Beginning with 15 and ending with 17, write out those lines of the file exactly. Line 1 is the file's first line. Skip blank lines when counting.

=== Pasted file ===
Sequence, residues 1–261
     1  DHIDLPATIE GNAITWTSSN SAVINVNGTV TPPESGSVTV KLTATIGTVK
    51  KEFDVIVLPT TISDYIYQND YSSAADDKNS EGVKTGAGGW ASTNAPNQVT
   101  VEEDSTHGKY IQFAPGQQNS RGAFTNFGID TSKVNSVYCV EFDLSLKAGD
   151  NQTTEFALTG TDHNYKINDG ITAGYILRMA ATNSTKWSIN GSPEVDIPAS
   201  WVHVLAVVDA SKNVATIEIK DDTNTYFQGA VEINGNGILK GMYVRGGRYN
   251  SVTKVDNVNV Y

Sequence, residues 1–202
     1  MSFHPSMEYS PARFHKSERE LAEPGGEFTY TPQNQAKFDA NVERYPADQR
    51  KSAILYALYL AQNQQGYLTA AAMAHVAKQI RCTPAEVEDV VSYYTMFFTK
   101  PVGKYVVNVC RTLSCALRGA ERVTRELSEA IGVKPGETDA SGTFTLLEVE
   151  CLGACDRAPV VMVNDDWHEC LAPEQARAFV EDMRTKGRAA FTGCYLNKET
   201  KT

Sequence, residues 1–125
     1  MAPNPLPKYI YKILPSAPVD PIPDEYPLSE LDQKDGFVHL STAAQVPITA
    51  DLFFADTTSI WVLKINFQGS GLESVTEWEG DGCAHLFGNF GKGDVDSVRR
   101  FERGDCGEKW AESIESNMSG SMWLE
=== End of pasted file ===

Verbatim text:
     1  MAPNPLPKYI YKILPSAPVD PIPDEYPLSE LDQKDGFVHL STAAQVPITA
    51  DLFFADTTSI WVLKINFQGS GLESVTEWEG DGCAHLFGNF GKGDVDSVRR
   101  FERGDCGEKW AESIESNMSG SMWLE